Even as the AIADMK has begun the process of identifying its candidates for the Assembly elections due in a couple of months in Tamil Nadu, party seniors are worried over the possibility of rebellion and revolt within its ranks, and not just from its allies.
What chief minister Edappadi Palaniswami (EPS) has not bargained for is that the party would have to give up nearly one-third of the seats it contested in 2016 when Jayalalithaa virtually went it alone, barring a few seats to some minor allies. What adds to the problem is that 123 sitting MLAs would expect renomination while the O Panneerselvam (OPS) group would demand seats on par with the EPS group.
The AIADMK camp is jittery over the price it would have to pay if it acts tough with the MLAs and decides to drop quite a few over non-performance or charges faced by them. The AIADMK can ill-afford to change and chop at this stage, when the rival AMMK is waiting to lure them. The OPS group, which has an equal presence as the EPS group in the party Steering Committee, would not be satisfied with anything less than 40 percent of the seats to be contested by the AIADMK.
Assuming that the ruling party would like to contest 160 of the 234 seats up for grabs, the OPS group would want at least 64 of these seats, leaving only 96 for the others, as against the fact that there are 123 sitting MLAs in all. This means that at least 25 sitting MLAs would not get the tickets this time.
The AIADMK is also shocked that some of its allies have hinted at being keen on seats which were won by the AIADMK in 2016. For instance, the BJP list, unofficially circulated through media leaks, has several constituencies which have AIADMK MLAs.
The PMK, which could be an important ally of the AIADMK, has not yet indicated the number of seats it would want to contest as it wants the ruling party to first agree to the demand for a sub-quota for Vanniyars within the MBC list. Unofficially, it has indicated that it will contest most of the seats in its Vanniyar strongholds in northern Tamil Nadu and will not accept seats in areas where it is considered weak. This means that in northern Tamil Nadu, AIADMK may not get enough seats to contest, which could cause a mini-revolt in the party.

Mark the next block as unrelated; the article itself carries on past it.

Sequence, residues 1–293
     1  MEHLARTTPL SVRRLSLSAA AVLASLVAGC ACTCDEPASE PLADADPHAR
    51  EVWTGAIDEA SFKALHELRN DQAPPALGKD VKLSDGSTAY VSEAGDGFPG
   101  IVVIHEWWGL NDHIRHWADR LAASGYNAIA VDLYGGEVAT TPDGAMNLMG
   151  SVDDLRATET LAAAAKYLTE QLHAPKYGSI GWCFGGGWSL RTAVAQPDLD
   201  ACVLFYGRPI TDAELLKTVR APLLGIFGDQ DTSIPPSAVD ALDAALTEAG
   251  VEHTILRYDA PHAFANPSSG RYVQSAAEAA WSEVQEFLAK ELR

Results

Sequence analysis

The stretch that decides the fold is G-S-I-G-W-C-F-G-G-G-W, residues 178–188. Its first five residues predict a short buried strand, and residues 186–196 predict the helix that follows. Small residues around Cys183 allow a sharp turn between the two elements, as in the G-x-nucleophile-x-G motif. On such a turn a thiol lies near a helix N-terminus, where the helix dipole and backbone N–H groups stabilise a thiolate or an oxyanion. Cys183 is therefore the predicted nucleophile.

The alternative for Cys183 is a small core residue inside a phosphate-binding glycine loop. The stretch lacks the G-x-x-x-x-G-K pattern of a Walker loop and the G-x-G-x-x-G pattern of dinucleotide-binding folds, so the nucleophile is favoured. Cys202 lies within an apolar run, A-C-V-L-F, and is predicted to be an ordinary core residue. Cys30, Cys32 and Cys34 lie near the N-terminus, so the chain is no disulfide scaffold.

One reason why Palaniswami left for an early election campaign (without allies) was that he was irritated by pressure from the allies for exorbitant claims of seats (the other reason was he wanted to be declared CM candidate before Sasikala’s return to Chennai from Bengaluru prison). The pressure has peaked now with the BJP insisting on nearly 40 seats including seats won by the AIADMK in 2016. The BJP is also keen on the post of deputy chief minister for the party besides a few cabinet posts.
The allies are in no hurry to seal an arrangement with the AIADMK and would prefer to let the pressure build on Palaniswami because his desperation is visible.
In a week or two, the AIADMK could be rocked by intense jockeying and groupism as ministers and MLAs will lock horns with their own partymen in virtually every constituency. While ministers may have an easier time, the EPS and OPS groups besides others would be engaged in a face-off in almost all the districts. The stranglehold that some ministers, especially in the western belt, have over the party may be a sore point for several claimants, as the former may try to push the claims of their own supporters.
The AIADMK also faces pressure from several castes which resent the domination of the Gounders in the Kongu belt. The Thevars may well retaliate with a demand for major share of the seats in the South, with the backing of OPS. The minor castes thus face the risk of being marginalized by these two dominant castes. Such excessive casteism could also cause a backlash from other castes and even derail the prospects of the AIADMK if not corrected at the time of ticket distribution.
EPS thus finds himself in a political quagmire.